FORT PIERCE — Alan Weierman, the self-titled "colonel" of an unlicensed military home with a yearslong track record of abuse findings, went to court Wednesday to defend against a state effort to shut him down.
The Department of Children and Families presented evidence that in the past year, child protectors have verified that Weierman broke one boy's arm and subjected another to bizarre punishment, shackling him overnight. They are still investigating whether a staff member punched a boy in the face.
At the heart of the state's case is that Weierman is operating his Southeastern Military Academy in Port St. Lucie without a state license or alternative credentials, and has been for almost nine years, when he lost his accreditation under a religious exemption.
Florida law gives facilities that register as "boarding schools" three years to get accredited. Using that law, DCF tried to shut him down in 2009, but a judge found he had been making a "good-faith effort."
The department filed another petition in January, two months after a Tampa Bay Times investigation exposed how Weierman and others have run homes outside state oversight for years despite evidence they hurt kids.
A DCF worker testified Weierman told him his school was accredited, even though it was not. Another began to speak of abuse findings dating to 2004, when Weierman started to brand his home as a boot camp.
But Weierman's attorney, well-known on the Treasure Coast as a former prosecutor, shook his fist and raised his voice.
"I want to present evidence he was never arrested for any type of child abuse," Robert Stone told the judge.
Circuit Judge Robert Belanger said he would listen only to recent abuse cases. Then he asked everybody to sit and told a story.
He prefaced it with this:
"Abuse is sometimes in the eye of the beholder."
Judge Belanger said he was in the eighth grade when a teacher caught him out of class, chased him with a meter stick, beat him with it and broke it over his head. He learned his lesson, he said.
Sometimes, he said, cause and effect is a good way to learn.
"Of course, I was a Marine," the judge said, and glanced at Weierman, who told the Times he tried to join the Army more than three decades ago but was dismissed after six weeks because he was allergic to bees.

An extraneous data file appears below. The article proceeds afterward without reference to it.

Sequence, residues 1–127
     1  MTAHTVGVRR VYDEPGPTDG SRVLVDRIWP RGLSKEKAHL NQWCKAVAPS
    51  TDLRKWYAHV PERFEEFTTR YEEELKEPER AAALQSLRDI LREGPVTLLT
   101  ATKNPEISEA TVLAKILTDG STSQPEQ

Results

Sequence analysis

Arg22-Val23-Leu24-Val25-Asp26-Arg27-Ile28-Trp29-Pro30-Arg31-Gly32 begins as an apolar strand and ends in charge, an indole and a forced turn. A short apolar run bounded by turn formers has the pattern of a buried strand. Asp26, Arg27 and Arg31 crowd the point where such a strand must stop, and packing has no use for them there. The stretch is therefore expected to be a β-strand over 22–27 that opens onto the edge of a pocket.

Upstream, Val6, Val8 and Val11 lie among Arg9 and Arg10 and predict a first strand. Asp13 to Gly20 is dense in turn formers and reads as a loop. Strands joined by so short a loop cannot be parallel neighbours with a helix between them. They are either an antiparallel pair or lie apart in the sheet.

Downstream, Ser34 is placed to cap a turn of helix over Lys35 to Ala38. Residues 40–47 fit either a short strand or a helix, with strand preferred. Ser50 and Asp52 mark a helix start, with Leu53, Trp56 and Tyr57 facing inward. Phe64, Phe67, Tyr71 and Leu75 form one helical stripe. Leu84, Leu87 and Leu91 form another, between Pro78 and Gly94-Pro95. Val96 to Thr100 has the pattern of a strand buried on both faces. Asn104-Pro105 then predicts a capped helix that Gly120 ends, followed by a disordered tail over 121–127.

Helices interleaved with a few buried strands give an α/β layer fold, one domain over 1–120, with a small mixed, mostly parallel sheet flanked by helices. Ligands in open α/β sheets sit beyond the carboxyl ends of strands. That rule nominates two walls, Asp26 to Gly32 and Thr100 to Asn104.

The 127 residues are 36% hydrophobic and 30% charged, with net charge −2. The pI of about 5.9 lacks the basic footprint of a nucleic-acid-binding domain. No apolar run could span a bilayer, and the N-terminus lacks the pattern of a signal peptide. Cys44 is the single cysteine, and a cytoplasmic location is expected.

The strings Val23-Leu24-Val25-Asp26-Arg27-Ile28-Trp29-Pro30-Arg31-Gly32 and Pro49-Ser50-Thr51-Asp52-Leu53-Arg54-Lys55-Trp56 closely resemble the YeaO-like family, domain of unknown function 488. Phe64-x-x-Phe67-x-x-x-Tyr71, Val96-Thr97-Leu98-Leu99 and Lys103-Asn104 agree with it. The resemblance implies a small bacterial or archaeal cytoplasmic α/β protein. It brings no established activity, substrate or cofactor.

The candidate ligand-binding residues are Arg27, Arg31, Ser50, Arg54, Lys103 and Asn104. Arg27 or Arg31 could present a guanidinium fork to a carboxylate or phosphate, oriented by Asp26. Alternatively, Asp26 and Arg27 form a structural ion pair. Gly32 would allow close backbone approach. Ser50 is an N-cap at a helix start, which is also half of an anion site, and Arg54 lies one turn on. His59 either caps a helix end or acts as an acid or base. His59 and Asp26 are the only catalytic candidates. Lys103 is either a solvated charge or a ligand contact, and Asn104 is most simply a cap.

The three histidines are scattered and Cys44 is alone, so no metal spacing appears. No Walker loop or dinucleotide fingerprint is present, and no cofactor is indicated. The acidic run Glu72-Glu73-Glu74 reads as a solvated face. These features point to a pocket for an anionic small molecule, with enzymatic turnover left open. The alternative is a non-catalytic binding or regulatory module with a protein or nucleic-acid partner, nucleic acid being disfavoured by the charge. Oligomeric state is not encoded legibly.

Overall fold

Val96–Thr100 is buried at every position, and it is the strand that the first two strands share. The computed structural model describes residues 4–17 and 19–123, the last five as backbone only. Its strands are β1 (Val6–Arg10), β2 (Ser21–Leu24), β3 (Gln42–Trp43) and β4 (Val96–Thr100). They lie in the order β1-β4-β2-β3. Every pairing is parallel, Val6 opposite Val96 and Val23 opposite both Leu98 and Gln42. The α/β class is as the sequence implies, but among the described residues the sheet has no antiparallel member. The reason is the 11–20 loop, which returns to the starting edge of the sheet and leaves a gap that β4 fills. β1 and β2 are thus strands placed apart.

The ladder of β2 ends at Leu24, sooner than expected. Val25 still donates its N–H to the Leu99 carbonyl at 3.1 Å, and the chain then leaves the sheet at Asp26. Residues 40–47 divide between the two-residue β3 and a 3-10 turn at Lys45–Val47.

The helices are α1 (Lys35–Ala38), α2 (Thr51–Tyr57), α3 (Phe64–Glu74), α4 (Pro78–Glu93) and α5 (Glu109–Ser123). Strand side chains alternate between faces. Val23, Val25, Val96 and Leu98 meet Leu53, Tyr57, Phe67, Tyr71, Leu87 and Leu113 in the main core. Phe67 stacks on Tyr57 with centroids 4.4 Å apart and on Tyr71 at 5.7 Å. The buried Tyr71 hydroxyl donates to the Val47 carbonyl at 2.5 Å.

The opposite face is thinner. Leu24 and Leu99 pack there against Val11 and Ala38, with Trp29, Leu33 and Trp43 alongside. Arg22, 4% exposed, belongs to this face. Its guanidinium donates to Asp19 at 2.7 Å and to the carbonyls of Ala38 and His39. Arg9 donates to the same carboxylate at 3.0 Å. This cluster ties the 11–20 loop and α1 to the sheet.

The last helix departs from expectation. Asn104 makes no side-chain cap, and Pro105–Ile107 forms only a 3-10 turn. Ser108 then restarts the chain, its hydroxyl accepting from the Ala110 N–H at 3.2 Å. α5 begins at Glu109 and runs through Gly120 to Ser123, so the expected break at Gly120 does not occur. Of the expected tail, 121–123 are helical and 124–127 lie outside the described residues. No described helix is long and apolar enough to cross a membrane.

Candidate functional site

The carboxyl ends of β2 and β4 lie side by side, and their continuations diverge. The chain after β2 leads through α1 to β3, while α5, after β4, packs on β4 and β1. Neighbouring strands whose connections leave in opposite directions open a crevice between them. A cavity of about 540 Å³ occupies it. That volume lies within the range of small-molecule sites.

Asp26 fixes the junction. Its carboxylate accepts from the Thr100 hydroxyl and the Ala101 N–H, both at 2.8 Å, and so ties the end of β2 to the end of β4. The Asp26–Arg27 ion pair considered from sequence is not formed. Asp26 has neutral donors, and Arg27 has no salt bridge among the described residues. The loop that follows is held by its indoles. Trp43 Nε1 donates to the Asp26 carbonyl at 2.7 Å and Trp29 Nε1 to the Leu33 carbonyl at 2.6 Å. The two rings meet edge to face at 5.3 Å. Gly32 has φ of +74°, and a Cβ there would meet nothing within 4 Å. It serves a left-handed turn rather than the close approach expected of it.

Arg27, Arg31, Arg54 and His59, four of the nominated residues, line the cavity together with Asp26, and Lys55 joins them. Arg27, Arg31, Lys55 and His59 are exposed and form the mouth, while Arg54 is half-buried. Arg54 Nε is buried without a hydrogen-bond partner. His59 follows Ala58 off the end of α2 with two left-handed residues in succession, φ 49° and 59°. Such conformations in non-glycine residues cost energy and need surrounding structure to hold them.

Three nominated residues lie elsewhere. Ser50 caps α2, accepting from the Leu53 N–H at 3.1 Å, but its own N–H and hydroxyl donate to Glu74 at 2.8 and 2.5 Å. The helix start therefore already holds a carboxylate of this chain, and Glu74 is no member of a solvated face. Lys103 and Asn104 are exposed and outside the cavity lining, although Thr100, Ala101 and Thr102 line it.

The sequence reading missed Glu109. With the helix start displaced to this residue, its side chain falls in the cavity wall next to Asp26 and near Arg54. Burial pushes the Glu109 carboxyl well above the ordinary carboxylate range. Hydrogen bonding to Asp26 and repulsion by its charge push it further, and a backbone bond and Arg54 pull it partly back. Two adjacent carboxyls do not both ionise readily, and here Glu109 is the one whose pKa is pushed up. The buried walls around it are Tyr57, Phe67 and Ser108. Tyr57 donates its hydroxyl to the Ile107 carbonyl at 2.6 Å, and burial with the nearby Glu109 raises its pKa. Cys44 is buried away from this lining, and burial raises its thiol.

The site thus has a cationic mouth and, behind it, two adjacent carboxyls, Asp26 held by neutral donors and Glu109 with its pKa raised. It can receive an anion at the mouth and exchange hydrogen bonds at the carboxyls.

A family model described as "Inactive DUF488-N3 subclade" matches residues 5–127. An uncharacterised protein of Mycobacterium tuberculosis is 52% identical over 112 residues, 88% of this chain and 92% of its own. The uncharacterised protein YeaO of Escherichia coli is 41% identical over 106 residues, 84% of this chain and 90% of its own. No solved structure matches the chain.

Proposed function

Weierman, wearing fatigues, nodded at the judge and every time the judge entered or left the room, he stood at attention.
All of that said, the judge wanted to know if the boys had been choked, asphyxiated or bruised, as had been reported in years past.
The state told of a broken arm, and a boy who blamed Weierman. The defense said the boy couldn't remember what happened when police asked.
The state told of a log that showed another boy was shackled overnight; he said he was called a sand n- - - - -.
The defense showed a handwritten letter. "Are you aware that young man is back to the school now?" Stone asked. "Are you aware that he wrote a letter apologizing to the institution and saying he lied?"
The judge did not hear about others who said they were called racial slurs, including a black boy in 2008 who said he was shackled and called a "monkey."
Stone, whose written answer to the state's petition contains the words "slander" and "vendetta," questioned the DCF workers aggressively, not just about the cases, but about the department's overall purpose.
"You want to be able to control every individual that has supervision over kids, isn't that correct?" Stone asked.
"Don't you all really interfere in families' lives by telling them how to raise their kids?"
Weierman nodded in agreement.
The state will call at least one other witness today. Then, it will be up to Judge Belanger to make a decision.
While he said he does not want to prejudge, he said the previous judge's ruling gave an "amorphous" deadline for Weierman to get accredited and that if he were to deny the state's petition, he would set a "drop dead" date.
After the hearing, Weierman said his attorney thinks the case is going well for him. And Stone offered what he thought was a reasonable date for Weierman to get accredited:
"Three years from right now."
Alexandra Zayas can be reached at [email protected] or (813) 226-3354.